Could Apple bring secure email to the masses with iOS 5

2011-08-09 by . 0 comments

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One of my worst ever projects was implementing PGP email encryption. Considering I have only worked in large financial services companies, that is saying something. I have reflected on the lessons learnt from this project before, but I felt that PGP was fundamentally flawed. When Apple iOS 5 was unveiled, there was a small feature that no one talked about. It was hidden among the sparkling jewels of notifications, free messaging and just works synchronization. That feature was S/MIME email encryption support. Now S/MIME is not new, however Apple is uniquely positioned with their ecosystem and user-centric design to solve the fundamental problems and bring secure email to the masses.

I have detailed the problems that email encryption solves, and those it does not solve before. To re-iterate and update:

  • Attacker eavesdropping or modifying an email in transit. both on public networks such the Internet and unprotected wireless networks as well as private internal networks. Recently I have experienced things that have hammered home the reality of this threat: Heartfelt presentations at security conferences such as Uncon about the difficulties faced by those in oppressive regimes such as Iran, where the government reading your email could result in death or worse for you and your family. Even “liberal” governments such as the US blatantly ignoring the law to perform mass domestic wire tapping in the name of freedom. The right to privacy is a human right. Most critical communication these days is electronic. There is a clear problem to be solved in keeping this communication only to it’s intended participants.

  • Attacker reading or modifying emails in storage. The recent attacks on high profile targets such as Sony and low profile like MTGox, who were brought low by simple exploitation of unpatched systems and SQL injection vulnerabilities, have revealed an un-intended consequence. The email addresses and passwords published were often enough to allow attackers access to a users email account as the passwords were re-used. I don’t know about you but these days a lot of my most important information is stored in my gmail account. The awesome search capability, high storage capacity and accessibility everywhere means that it is a natural candidate for scanned documents and notes as well as the traditional highly personal and private communications. There is a problem to be solved of adding a layered defence; an additional wall in your castle if the front gate is breached.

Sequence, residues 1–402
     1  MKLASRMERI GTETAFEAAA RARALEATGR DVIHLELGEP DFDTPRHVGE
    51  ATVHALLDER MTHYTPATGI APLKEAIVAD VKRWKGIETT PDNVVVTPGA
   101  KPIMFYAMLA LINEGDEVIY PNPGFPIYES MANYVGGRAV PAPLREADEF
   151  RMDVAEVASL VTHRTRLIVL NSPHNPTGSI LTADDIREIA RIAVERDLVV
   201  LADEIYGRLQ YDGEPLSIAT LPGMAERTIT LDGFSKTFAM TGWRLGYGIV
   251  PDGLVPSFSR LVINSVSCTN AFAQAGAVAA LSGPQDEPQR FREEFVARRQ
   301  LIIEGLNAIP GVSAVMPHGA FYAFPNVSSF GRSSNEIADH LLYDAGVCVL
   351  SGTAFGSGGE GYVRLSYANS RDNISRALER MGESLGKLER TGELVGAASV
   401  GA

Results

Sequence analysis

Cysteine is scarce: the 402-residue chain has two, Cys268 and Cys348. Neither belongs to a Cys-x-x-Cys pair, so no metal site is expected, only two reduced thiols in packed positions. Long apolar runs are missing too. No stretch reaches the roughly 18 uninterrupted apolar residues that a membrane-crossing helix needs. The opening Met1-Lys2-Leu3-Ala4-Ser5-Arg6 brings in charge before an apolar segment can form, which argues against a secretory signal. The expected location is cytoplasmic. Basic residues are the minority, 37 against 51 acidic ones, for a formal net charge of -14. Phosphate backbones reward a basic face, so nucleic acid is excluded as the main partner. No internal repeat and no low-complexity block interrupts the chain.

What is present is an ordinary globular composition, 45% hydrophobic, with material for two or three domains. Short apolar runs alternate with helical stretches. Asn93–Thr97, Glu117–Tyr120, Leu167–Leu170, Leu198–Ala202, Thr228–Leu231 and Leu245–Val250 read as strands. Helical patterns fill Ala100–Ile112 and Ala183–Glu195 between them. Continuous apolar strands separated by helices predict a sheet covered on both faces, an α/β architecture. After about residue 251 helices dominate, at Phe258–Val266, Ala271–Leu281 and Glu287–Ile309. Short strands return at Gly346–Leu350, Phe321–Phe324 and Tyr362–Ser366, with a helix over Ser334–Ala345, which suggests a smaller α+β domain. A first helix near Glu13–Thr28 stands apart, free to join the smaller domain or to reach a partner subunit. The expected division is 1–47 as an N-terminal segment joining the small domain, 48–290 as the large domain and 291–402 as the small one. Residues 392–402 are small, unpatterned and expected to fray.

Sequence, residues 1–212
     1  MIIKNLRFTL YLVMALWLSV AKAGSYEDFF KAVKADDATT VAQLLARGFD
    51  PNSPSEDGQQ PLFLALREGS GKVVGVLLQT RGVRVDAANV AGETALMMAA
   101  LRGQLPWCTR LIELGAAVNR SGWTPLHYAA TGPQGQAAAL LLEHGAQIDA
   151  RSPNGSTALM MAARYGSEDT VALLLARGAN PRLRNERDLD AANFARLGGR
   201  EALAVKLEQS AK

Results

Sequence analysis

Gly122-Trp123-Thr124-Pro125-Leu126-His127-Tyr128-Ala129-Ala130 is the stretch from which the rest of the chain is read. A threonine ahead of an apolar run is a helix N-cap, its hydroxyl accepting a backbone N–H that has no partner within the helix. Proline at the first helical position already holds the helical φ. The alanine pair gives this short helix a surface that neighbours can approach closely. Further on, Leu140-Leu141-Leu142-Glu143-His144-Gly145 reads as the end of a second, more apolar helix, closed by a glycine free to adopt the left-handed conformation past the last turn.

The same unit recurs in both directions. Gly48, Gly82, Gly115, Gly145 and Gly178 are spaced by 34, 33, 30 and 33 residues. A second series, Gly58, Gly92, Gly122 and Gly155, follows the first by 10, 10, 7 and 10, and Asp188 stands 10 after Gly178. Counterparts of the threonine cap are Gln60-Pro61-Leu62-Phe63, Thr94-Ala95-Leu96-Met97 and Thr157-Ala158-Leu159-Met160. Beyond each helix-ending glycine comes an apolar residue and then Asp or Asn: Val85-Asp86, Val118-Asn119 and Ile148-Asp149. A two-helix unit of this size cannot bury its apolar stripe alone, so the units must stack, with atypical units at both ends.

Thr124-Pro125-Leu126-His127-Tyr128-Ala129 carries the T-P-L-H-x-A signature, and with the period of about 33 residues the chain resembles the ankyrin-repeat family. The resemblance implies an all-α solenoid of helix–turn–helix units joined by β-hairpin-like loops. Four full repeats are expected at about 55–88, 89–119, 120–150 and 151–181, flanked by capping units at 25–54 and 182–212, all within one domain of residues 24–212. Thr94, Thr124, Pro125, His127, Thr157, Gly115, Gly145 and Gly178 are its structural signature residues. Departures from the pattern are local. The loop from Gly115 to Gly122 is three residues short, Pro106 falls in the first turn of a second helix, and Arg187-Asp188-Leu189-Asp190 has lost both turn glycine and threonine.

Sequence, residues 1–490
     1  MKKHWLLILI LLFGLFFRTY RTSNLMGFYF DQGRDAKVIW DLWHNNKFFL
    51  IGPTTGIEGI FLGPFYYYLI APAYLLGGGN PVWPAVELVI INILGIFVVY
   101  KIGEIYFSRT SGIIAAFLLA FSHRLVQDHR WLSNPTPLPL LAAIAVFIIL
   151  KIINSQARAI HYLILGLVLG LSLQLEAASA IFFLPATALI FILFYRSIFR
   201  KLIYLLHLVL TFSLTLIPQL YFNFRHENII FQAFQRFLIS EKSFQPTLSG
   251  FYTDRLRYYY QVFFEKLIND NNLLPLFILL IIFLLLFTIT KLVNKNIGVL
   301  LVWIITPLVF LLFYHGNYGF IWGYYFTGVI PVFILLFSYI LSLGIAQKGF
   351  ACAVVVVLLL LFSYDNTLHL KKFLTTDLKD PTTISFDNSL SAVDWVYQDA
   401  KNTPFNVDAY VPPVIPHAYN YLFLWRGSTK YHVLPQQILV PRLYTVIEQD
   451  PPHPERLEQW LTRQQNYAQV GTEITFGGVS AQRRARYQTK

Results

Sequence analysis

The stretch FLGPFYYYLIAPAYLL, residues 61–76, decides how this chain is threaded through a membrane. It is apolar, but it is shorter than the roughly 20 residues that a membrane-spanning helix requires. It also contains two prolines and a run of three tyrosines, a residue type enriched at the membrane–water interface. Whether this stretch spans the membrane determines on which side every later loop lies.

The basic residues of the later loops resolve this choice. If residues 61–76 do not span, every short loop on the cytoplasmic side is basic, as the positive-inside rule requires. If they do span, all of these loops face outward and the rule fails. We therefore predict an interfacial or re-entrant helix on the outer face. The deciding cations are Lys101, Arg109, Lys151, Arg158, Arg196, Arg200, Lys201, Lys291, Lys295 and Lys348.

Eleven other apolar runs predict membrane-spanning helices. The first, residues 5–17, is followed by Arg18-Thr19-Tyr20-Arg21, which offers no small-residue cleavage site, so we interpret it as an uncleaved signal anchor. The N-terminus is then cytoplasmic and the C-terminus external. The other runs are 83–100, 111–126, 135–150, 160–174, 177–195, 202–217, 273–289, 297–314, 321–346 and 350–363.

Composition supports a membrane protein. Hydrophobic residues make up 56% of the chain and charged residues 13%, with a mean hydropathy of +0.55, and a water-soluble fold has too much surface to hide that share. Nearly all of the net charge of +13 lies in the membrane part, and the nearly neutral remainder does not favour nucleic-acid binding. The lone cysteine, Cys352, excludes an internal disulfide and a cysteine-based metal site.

• Attacker is able to send emails impersonating you. It is amazing how much email is trusted today as being actually from the stated sender. In reality normal email provides very little non-repudiation. This means, it is trivial to send an email that appears to come from someone else. This is a major reason why phishing and spear phishing in particular are still so successful. Now spam blockers, especially good ones like Postini have become very good at examining email headers, verified sender domains, MX records etc to reject fraudulent emails (which is effective unless of course you are an RSA employee and dig it out of your quarantine). You can also have more localised proof of concept of this. If your work accepts manager e-mail approvals for things like pay rises and software access, and it also has open SMTP relays you can have some fun by Googling SMTP telnet commands. There is a problem to solve in how to reliably verify the sender of the email and ensure the contents have not been tampered with.

Problems not solved by email encryption and signing:

  • Sending the wrong contents to the right person (s)
  • Sending the right contents to the wrong person (s)
  • Sending the wrong contents to the wrong person (s)

These are important to keep in mind because you need to choose the right tool for the job. Email encryption is not a panacea for all email mis-use cases.

So having established that there is a need for email encryption and signing, what are the fundemental problems with a market leading technology like PGP (now owned by Symantec)?

Fundemental problems in summary: